The IEET has partnered with the Applied Ethics Center (AEC) at the University of Massachusetts Boston to offer a full-time Post-Doctoral Research Fellowship (24 months) on the Future of Work (2021-2023). Some forecasters believe automation and other emerging technologies will cause a rapid loss of traditional employment in the coming decades. Other forecasters argue that there will not be a net loss of jobs, but foresee instead a rapid innovation of new jobs, and transformation of existing jobs. Policies to address the rapidly changing labor market include reforming higher education and job re-training, shortening the workweek, a federal jobs guarantee, and a universal basic income. Whether work is threatened or not, some see a post-work future as a desirable goal of public policy, while others believe work is essential to meaning and social engagement. How can higher education focus more on non-automatable skills like creativity and social-emotional intelligence? What are the impacts of employment versus guaranteed income? Many of us find the primary locus of meaning in our work. Would living in a world with less, or transformed, work be less meaningful? Or do we generate a newer version of Athens, this time without slave labor, a society in which work is not the main context in which we meet and value each other? The Future of Work Fellow will help the AEC and the IEET research the academic and policy work being done on these questions.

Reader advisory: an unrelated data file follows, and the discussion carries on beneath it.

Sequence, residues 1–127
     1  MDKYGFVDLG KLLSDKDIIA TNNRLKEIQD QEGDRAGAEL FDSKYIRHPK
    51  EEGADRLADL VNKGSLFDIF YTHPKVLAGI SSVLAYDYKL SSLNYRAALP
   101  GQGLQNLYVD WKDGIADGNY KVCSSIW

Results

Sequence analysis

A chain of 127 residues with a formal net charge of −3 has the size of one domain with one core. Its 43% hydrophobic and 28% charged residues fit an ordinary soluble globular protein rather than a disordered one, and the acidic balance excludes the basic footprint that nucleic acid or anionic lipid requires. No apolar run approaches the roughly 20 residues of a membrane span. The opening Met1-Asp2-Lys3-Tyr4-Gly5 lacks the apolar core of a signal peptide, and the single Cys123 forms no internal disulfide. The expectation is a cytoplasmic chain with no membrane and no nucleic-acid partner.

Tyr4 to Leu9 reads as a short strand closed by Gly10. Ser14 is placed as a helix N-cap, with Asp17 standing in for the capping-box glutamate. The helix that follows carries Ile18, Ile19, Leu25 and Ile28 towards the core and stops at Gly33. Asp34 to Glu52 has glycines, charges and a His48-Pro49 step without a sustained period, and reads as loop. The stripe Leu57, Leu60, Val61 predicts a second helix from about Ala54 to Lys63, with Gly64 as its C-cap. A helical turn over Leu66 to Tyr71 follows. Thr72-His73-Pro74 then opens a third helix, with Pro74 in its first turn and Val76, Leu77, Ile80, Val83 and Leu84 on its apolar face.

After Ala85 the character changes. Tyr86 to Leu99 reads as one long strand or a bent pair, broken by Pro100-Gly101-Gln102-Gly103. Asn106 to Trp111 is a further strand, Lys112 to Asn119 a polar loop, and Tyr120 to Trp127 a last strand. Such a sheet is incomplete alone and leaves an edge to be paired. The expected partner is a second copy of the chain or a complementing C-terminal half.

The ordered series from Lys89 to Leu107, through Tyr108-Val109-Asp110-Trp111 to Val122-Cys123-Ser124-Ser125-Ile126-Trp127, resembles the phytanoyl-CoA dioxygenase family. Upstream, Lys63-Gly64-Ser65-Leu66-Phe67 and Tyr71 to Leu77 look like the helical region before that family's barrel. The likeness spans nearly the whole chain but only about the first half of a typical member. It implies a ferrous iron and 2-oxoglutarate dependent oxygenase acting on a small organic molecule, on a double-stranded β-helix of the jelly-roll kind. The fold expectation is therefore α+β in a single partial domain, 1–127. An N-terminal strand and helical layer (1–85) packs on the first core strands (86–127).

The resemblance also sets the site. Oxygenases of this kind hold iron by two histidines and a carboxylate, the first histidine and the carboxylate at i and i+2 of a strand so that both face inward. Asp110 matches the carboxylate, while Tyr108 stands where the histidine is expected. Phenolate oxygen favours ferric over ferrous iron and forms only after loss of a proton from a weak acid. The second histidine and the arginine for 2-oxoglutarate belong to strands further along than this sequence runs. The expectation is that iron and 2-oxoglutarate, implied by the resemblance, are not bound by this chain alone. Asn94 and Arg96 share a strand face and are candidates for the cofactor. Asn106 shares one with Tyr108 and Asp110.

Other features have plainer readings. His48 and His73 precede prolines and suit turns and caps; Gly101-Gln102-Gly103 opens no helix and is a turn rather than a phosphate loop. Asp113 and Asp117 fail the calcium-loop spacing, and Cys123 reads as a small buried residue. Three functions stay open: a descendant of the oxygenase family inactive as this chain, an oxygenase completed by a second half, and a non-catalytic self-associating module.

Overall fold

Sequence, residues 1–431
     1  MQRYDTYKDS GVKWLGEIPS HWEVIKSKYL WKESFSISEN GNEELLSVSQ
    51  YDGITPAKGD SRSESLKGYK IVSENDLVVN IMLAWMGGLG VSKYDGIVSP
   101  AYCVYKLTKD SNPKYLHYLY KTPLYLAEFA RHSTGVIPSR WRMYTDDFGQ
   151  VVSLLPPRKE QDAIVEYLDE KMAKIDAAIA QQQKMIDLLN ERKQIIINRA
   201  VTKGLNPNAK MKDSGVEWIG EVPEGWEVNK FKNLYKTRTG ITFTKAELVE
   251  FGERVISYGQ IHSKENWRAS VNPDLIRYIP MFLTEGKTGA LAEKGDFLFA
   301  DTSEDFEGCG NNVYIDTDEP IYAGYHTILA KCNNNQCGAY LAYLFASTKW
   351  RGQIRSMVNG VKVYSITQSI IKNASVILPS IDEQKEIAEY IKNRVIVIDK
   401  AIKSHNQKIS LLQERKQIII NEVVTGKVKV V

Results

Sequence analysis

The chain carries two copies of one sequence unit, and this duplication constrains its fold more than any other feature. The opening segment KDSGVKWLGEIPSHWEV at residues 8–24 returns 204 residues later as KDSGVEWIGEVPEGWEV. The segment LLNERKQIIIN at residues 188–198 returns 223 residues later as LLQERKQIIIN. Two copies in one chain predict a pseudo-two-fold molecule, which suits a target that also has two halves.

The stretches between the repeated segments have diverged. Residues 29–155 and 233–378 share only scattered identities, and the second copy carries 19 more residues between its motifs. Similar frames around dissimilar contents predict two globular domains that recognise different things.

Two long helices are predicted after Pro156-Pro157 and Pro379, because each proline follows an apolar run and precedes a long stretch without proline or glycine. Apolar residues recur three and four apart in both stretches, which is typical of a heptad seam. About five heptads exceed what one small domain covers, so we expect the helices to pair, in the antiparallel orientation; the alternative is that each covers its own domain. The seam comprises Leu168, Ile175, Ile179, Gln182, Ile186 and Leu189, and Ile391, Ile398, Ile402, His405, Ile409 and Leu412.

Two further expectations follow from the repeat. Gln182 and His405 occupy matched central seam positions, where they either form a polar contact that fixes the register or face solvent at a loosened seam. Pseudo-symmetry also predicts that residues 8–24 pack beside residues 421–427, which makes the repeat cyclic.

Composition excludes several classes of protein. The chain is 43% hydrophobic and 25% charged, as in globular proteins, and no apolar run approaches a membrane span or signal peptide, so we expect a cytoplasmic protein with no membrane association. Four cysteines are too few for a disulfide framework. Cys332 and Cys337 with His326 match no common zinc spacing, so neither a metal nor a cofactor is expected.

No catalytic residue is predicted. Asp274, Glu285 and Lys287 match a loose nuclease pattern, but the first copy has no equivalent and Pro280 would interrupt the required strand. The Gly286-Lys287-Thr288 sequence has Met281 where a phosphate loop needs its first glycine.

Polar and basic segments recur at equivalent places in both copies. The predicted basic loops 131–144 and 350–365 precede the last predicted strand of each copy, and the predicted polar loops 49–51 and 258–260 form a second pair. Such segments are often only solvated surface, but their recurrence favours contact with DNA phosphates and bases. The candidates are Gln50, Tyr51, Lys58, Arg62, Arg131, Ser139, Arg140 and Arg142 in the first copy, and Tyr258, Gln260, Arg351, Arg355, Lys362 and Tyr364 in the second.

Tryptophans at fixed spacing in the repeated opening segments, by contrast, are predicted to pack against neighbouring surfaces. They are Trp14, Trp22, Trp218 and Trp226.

Central to IEET’s goal in the promotion of technoprogressive research is in the publication of peer-reviewed papers in high impact journals. However, in order to promote transparency as well as stimulate the dissemination of this important knowledge, the IEET aims to publish their papers Open Access (OA).

Over the course of the next decade, the IEET aims at promoting and exploring technoprogressivism through academic research. In order to break new ground and to do this successfully, new postdoctoral fellowship programs have been designed to set up new doctoral graduates to promote the exploration of technoprogressivism and its intersectional domains at a high academic level. Thanks to donations received in 2020, we have successfully funded the first of our three proposed fellowships.